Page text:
Le Tour de France 2016 kicked off last Saturday with stage one and the 'Grand Depart' being hosted by the stunning island community of Le Mont Saint Michel.
A dramatic first stage saw one of the favourites for the overall classifications, Alberto Contador, crash 107km into the race and British sprinter, Mark Cavendish, claim his 27th stage victory at the Tour de France. Miraculously Contador finished the race and has continued to battle through this week, albeit with some serious bruising and a look of pain on his face. After stage six Contador sits in 25th position, 1m 21s behind his GC rivals.
Mark Cavendish has gone on to take two more stage wins, on stage three and again yesterday on stage six. Now totalling a magnificent 29 stage victories in the Tour de France, passing Bernard Hinault in total number of stage victories and taking second place behind Eddy Merckx who won 34 stages during his career.
Stage five saw a breakaway rider take the victory with Greg Van Avermaet taking not only the stage win but the yellow jersey in the process. He dropped the last of his breakaway companions with 17km to go and won with a 2m 34s margin over the second place rider and 5m 7s over the rest of the peloton.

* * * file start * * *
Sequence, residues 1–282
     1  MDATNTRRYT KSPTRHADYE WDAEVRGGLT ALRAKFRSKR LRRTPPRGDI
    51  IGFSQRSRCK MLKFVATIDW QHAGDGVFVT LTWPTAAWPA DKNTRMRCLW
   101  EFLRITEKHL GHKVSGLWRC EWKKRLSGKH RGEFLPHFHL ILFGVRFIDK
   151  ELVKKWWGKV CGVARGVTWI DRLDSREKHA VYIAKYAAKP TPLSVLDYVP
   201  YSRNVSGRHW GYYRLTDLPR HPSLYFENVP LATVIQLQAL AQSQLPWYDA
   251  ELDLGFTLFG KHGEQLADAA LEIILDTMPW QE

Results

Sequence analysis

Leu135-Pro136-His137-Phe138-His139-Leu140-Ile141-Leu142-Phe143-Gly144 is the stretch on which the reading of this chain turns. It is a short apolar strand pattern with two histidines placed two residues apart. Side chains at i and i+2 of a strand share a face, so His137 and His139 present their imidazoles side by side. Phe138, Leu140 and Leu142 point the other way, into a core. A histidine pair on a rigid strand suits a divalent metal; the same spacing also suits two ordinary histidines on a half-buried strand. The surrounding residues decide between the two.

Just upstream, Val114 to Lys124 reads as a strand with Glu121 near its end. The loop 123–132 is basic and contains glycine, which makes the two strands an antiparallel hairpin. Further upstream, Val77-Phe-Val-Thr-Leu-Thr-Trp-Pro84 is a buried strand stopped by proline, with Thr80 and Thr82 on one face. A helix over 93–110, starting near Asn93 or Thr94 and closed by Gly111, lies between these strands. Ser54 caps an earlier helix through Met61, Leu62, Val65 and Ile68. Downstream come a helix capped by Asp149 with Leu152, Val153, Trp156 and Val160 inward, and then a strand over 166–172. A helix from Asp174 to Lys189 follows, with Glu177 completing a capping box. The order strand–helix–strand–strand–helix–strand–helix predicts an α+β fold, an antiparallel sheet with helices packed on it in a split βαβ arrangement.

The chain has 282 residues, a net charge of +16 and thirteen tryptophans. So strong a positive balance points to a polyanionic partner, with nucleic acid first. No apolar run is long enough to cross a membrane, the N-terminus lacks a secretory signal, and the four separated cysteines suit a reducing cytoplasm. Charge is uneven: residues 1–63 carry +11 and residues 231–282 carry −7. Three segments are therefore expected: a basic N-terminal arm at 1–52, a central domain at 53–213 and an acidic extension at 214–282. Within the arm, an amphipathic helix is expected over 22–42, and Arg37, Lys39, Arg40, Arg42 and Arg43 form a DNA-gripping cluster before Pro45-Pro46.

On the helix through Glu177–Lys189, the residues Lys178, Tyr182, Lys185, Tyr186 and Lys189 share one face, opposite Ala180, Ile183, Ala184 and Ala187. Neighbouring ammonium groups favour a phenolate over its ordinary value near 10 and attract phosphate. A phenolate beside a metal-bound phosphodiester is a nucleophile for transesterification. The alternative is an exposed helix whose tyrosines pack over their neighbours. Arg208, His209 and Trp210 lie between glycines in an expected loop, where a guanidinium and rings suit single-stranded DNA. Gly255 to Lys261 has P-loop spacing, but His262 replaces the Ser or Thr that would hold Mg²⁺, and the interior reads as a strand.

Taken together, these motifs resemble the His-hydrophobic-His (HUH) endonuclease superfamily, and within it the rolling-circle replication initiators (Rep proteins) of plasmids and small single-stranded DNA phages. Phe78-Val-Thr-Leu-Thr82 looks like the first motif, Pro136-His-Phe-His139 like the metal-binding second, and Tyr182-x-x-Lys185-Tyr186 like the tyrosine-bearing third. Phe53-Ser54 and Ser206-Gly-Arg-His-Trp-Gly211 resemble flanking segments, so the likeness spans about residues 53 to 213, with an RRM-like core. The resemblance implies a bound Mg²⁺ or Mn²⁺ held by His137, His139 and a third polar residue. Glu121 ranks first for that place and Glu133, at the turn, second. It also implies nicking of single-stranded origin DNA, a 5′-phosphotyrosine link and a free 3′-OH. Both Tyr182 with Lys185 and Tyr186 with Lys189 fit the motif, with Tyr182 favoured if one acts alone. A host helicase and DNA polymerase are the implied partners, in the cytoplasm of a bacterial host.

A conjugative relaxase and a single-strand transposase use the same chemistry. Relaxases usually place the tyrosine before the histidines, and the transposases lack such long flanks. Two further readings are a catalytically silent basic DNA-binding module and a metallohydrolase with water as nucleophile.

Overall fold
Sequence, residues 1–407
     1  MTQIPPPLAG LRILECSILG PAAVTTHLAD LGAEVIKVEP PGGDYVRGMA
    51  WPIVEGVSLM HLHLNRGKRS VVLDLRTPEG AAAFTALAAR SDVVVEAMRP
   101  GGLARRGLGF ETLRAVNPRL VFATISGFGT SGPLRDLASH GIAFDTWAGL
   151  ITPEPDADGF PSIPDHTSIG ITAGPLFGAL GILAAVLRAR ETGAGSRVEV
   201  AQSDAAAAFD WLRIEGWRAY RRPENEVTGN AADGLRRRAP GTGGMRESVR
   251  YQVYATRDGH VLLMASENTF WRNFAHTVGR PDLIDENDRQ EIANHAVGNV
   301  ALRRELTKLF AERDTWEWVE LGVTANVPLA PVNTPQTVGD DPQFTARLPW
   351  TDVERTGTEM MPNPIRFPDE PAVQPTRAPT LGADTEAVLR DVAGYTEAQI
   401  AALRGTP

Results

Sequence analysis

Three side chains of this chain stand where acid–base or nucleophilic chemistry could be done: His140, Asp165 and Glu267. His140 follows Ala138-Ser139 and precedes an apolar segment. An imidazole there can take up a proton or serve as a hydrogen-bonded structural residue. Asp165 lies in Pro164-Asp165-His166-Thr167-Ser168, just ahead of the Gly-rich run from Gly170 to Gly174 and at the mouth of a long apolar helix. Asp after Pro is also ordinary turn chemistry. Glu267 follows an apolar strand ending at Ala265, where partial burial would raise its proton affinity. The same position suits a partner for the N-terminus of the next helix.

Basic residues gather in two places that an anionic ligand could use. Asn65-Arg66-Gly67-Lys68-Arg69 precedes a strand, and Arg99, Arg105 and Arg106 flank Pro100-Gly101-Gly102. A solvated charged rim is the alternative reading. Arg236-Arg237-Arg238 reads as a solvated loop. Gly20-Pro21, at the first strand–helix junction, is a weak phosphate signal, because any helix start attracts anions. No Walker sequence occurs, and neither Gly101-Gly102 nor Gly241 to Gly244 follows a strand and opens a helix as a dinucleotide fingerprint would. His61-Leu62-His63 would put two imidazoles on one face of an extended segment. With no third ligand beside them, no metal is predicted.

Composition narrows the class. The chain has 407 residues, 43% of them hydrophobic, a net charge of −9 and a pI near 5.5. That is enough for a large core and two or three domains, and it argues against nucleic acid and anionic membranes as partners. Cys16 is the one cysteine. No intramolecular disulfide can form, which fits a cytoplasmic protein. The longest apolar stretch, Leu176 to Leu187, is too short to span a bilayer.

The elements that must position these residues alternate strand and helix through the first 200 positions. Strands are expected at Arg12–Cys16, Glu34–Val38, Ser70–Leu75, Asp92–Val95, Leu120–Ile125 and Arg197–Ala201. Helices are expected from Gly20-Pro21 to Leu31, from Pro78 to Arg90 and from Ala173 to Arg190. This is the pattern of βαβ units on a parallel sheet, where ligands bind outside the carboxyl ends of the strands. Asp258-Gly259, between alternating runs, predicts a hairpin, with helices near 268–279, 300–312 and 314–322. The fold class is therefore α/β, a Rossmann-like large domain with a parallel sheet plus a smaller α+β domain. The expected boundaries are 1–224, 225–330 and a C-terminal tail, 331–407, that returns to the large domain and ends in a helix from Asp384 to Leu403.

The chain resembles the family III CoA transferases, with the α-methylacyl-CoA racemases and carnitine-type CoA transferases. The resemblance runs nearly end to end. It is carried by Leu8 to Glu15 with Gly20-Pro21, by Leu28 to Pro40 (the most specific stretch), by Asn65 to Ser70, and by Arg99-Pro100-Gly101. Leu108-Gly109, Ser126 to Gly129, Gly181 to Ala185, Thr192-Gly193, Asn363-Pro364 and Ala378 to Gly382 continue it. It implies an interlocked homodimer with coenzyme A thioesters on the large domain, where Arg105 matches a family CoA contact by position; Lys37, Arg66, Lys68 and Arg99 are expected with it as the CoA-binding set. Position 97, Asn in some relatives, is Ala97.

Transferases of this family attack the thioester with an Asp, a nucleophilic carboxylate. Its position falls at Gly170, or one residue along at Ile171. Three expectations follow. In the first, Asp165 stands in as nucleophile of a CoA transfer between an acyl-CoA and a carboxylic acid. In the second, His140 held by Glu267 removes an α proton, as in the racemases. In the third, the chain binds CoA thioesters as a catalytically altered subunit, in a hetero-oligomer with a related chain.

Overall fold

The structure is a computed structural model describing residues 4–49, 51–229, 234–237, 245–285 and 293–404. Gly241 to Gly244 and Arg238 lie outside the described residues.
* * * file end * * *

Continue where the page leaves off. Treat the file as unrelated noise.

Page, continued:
Today on stage seven the race heads into the Pyrenees with the first official mountain stage, L'Isle-Jourdain to Lac de Payolle. Taking in only one category one climb, the Col d'Aspin, right at the end of the day just before a steep descent to the lake and the finish line, the main GC riders should be taking this stage easy. With a downhill finish and two tough days ahead the main contenders will be looking for a safe finish. Tipped to be a stage for the British rider Steve Cummings, we will need to wait and see what the day holds.
At the start of stage seven the jersey holders are:
- Yellow jersey (maillot jaune) - Greg Van Avermaet
- Green jersey (maillot vert) - Mark Cavendish
- Polkadot jersey (maillot a pois rouge) - Thomas de Gendt
- White jersey (maillot blanc) - Julian Alaphilippe
With week one nearly behind us Le Tour pedals ever forward towards Spain, Andora, Provence and eventually the Swiss and French Alps, and even more spectacular cycling.